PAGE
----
Iowa Insurance Commissioner Doug Ommen deserves a big shout out for issuing a Bulletin on July 26 warning policyholders of the impending statute of limitations for a derecho that struck Iowa on August 10, 2020. He is calling on insurance companies to be liberal granting extensions to file lawsuits and warning derecho claimants to file suit or get an extension before August 10—next week! This Bulletin provides:

The purpose of Bulletin 21-04 is to provide ongoing guidance to individuals and entities regulated by the Iowa Insurance Commissioner when severe weather and natural disasters impact Iowa consumers and circumstances may prevent them from completing claims handling within one year of the date of damage.

The derecho that swept through Iowa on August 10, 2020 was one of the most devastating disasters the state of Iowa has ever experienced. On top of the significant damage, material shortages, the lack of available contractors, and subsequent weather events have been hurdles to the completion of repairs over the past year. The Iowa Insurance Division has also heard from carriers about shortages of claims adjusters available to inspect and reinspect property damage, which has led to additional delays.

Many insurance contracts include provisions requiring replacement or repairs to be completed within a specified time period in order to receive the replacement cost settlement proceeds, also known as ‘recoverable depreciation.’ The intent of this provision is understood in ordinary circumstances. The Iowa Insurance Division commends the significant efforts by carriers and consumers working together to rebuild our communities. However, there is much work left to be done. Many policyholders, through no fault of their own, but due to the scale of the damage from the derecho, are still waiting for work on their homes or other property to be completed. Given the varied circumstances leading to delays around the derecho recovery, invoking contractual provisions prohibiting payment of recoverable depreciation after a certain deadline may be viewed as a failure to act in good faith to effectuate fair and equitable settlement of a claim pursuant to Iowa Code sections 507B.3 and 507B.4. This remaining liability is readily apparent and has been documented thoroughly within many still pending claims.

Concerns have also been raised that these delays may limit a policyholder’s ability to later file an action against the carrier for disputed claims. Carriers must use great care in applying these provisions in the current circumstances as policyholders request extensions in claims handling. Insurance carriers have a duty to pay what is owed under the contract in a timely manner and cannot compel insureds to institute litigation by offering substantially less than what is ultimately recoverable under a claim.

Insurance carriers have a duty to their policyholders to be there for them when the worst happens by providing the coverage promised in a timely manner. The derecho has presented unprecedented challenges for carriers and policyholders alike. If policyholders are making reasonable progress toward completing the repairs, a company’s responsibility to act in good faith should guide them to accommodate a request for extensions or appropriate determinations for reimbursement related to cost increases outside the control of the policyholder. The existence of or the interpretation of insurance contract provisions cannot be employed to frustrate an insurer’s duties of fair dealing. Great work has been done here in Iowa as the Iowa Insurance Division has seen companies in this derecho disaster rise to that challenge by working to pay a large volume of claims quickly – over $3 billion to Iowa policyholders to date.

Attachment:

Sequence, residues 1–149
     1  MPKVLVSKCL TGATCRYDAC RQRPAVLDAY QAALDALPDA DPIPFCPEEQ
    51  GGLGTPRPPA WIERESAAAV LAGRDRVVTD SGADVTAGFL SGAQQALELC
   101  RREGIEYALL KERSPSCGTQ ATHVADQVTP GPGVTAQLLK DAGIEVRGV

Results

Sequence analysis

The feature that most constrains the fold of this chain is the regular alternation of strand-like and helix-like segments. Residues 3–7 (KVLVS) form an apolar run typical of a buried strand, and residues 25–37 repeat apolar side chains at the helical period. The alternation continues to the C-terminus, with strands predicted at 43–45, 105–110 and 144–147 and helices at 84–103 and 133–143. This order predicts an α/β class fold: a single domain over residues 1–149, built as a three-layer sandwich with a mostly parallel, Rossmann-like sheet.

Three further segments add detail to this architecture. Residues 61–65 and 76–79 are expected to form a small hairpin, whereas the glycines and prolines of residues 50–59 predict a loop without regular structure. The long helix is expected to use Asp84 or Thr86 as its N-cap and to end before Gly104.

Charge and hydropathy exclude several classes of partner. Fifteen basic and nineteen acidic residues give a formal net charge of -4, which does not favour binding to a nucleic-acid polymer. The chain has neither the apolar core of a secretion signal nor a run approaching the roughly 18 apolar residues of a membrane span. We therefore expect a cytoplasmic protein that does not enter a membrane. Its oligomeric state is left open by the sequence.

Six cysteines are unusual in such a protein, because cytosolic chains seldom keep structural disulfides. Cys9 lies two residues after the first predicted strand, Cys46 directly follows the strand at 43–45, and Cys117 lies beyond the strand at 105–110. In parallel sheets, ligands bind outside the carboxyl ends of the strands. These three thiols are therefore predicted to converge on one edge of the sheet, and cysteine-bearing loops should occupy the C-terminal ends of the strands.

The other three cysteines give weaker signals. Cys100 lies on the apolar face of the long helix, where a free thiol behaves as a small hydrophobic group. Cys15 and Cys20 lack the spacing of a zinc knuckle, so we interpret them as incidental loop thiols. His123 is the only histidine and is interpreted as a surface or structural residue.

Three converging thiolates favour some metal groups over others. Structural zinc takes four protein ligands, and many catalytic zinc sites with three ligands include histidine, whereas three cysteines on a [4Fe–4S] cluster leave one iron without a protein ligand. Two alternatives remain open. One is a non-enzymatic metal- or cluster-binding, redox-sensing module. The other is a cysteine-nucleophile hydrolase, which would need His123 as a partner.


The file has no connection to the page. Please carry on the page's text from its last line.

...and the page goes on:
… The Iowa Insurance Division expects carriers, who have a duty to be fair in the claims process, to make certain they continue to support their Iowa policyholders throughout this rebuilding process in its entirety.

The lesson is clear—check the policy to see if there are any time limits that are about to expire. Ask for extensions. If it is a one-year statute of limitations issue, get an extension or file a lawsuit.

Appraisals may not automatically extend statute of limitations. If you are in an appraisal, ask for an extension if you have a one-year statute of limitations.

We have written on Iowa property insurance law in the past and have been involved in a number of lawsuits in Iowa. Iowa follows the Broad Evidence Rule, as we noted in Calculating Actual Cash Value: Part 11: Iowa. I noted that the Iowa Supreme Court determined that “appraisers may determine the factual cause of damage to insured property to ascertain the amount of loss,” in Ashley Harris Cited by Iowa Supreme Court Regarding Causation Issues in Appraisal Proceedings. Jon Bukowski recently noted in, Line of Sight Rule for Matching of Undamaged Materials in Iowa, this about the matching issue in Iowa:

While Iowa has clearly recognized the importance of matching replacement materials with undamaged materials, whether matching of undamaged property is covered often boils down to a subjective exercise of determining what constitutes a ‘reasonably uniform appearance.’ This requires a policyholder to present evidence, beyond his or her own opinion, that the proposed repair will not achieve a reasonably uniform appearance within the same line of sight.

Again, please spread the news that the one-year anniversary of the derecho has implications with insurance claims. While Iowa has highlighted the issue with the bulletin, other states hit by this storm may have similar issues.

Thought For The Day

“Shoeless” Joe Jackson: “Is this Heaven?”
Ray Kinsella: “No…..It’s Iowa.”
—Field of Dreams